• I’m running again. Right now it’s just on the treadmill, which I hate, but I’m making more of an effort. I have a mini Midori habit tracker and mark off each day I exercise and each day I run. The goal is to run at least 3 miles per week. So far, I’ve averaged 4 miles per week, but this is only week 3 of the year. Some days I’ll run 2 miles and then run one more day to get my 3 done for the week and sometimes I’m motivated to run as much as possible each day. The first week I ran 7+ miles. My current total distance for the year is 16.2 miles.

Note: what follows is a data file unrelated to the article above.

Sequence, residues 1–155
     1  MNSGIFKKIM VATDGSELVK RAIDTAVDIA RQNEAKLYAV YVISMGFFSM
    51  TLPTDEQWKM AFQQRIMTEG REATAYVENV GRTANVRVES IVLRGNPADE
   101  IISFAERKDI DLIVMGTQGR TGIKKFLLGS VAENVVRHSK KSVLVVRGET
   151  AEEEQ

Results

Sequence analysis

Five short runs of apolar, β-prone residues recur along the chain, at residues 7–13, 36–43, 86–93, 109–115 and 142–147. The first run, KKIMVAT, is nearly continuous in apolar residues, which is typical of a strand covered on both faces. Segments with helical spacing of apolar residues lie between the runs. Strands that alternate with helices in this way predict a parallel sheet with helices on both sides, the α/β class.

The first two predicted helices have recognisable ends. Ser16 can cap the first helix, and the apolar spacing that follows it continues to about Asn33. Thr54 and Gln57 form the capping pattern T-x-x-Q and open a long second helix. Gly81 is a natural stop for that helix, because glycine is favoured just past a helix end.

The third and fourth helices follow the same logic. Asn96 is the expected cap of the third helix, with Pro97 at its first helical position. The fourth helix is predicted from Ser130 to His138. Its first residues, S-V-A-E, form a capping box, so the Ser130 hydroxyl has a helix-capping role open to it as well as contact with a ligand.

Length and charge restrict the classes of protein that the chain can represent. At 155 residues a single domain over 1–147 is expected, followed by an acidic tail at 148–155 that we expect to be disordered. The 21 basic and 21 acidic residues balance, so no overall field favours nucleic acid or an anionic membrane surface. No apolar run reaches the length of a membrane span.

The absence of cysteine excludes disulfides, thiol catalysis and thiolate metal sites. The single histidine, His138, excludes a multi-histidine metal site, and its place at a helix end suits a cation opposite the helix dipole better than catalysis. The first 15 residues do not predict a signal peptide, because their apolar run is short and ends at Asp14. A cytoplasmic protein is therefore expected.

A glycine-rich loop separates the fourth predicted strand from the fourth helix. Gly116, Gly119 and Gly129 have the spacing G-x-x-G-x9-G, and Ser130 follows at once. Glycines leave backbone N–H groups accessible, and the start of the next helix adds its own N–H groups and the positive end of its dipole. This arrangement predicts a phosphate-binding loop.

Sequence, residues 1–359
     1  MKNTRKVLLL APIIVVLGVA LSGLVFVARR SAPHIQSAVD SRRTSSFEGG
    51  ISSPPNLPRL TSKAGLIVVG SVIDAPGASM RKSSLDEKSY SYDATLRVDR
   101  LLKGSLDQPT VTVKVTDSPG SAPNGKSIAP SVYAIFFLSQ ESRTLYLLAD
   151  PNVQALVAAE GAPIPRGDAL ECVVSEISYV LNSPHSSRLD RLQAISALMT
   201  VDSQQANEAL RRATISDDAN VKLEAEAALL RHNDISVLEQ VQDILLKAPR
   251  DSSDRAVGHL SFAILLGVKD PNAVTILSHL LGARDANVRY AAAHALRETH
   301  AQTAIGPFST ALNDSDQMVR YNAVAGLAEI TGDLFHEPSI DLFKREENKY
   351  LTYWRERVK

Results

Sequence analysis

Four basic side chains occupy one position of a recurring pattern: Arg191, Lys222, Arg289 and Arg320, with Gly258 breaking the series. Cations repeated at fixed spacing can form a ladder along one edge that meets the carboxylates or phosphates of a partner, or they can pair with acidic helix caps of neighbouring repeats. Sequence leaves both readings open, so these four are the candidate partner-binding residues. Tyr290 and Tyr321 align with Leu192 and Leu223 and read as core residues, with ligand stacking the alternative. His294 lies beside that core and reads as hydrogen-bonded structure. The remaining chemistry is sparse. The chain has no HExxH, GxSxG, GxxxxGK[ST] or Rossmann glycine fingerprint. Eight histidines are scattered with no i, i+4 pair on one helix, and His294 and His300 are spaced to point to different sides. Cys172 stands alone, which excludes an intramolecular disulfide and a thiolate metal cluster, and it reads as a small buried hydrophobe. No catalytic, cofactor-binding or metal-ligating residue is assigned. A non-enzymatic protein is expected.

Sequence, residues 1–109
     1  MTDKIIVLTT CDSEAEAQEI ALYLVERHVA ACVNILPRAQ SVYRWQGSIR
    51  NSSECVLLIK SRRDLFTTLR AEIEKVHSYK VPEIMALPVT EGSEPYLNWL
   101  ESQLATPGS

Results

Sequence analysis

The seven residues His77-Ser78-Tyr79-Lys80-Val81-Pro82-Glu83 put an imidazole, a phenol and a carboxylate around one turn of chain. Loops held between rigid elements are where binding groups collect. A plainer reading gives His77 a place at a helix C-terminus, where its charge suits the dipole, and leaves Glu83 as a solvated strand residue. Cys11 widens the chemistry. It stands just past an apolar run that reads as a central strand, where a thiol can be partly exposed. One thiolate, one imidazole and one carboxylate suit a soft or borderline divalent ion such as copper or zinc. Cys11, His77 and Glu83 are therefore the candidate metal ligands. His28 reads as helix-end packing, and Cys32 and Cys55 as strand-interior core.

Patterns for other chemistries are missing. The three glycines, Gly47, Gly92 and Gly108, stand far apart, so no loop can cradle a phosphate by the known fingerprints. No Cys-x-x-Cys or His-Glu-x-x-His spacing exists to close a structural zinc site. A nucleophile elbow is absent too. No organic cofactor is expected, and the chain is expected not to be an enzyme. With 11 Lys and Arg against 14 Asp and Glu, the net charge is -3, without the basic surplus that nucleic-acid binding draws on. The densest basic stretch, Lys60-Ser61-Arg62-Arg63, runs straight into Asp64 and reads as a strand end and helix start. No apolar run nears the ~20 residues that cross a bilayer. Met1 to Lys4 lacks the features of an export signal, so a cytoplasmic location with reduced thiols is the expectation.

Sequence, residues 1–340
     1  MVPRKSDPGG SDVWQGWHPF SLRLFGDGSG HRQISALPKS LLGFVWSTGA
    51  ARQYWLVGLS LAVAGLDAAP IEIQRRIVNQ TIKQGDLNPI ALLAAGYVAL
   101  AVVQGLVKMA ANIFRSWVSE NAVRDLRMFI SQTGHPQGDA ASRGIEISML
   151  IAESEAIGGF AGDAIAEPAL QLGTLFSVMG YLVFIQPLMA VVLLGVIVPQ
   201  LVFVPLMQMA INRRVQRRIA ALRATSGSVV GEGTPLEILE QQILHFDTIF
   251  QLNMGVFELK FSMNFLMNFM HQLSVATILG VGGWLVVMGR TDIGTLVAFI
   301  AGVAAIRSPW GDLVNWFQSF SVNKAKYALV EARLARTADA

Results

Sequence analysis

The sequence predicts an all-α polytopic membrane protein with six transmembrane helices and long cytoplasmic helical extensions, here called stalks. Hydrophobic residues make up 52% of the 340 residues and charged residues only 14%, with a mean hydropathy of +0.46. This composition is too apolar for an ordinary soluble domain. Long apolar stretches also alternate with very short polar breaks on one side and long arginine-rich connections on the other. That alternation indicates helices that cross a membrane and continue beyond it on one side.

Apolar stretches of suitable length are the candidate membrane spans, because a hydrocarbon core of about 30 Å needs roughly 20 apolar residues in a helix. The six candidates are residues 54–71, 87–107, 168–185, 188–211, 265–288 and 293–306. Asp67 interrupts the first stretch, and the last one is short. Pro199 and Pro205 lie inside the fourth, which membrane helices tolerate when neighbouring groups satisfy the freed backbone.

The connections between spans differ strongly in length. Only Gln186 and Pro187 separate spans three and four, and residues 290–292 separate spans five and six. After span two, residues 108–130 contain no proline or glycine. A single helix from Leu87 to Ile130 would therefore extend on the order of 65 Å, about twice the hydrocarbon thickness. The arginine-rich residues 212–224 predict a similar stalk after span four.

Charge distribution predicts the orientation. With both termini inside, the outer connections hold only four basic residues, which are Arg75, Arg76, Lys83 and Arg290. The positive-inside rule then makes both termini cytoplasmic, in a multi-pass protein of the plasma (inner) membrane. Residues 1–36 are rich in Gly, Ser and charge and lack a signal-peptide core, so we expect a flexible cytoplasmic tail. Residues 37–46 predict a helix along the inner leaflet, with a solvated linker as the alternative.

• I’m also making an effort to use my NuFace device at least 5 times a week. I don’t expect to see dramatic results because after all the research I’ve done on it, it’s really not too much in the grand scheme of things. That being said, I do like the tightening I feel in my skin afterwards. It’s not a dry tightening, but more like a bouncy muscle kind if that makes sense. I know that at the least it’ll improve the natural contours of my face, which is what I’m after. I don’t expect wrinkles to disappear or to suddenly look 10 years younger. It’s clearly a routine you have to do consistently – for life – to reap benefits from. It’s like brushing your teeth. You may not always like to do it, but you do because you need to in order to keep your mouth in good shape. You also don’t see the benefits of brushing your teeth per se, but they are there. (I treat exercise the same way. If I can spend 2 minutes brushing my teeth for mouth maintenance then I can spend at least 30 minutes exercising my full body for maintenance.) One immediate plus I’ve noticed is the little bumps/blackheads that always plagued my chin area are gone already. I’ve read the gel is fantastic for skin and some people nix the device and just use the gel, which I can understand. I’m not sure if I’d get the same results without the device, but I’m not going to try experimenting with that anytime soon. The goal is to use the damn expensive device I purchased over a year ago that pretty much sat idle for most of 2020. A lot of people also complain about how expensive the gel is, which makes me laugh a little when people are willing to spend $200 on a 3 oz jar of some popular cream that lasts 6 months, but spending $200 on a year’s worth of 2.5 oz gels is considered highway robbery. (I don’t know the exact numbers, so I’m guessing there.) I’ve not had to get a new bottle since I started yet and I think I use less than recommended amount, but I plan on buying more and tracking those purchases. They will not count against my No-Buy because they are for personal maintenance. That being said, I will look at how many I buy at the end of the year to determine if the maintenance is worth the cost.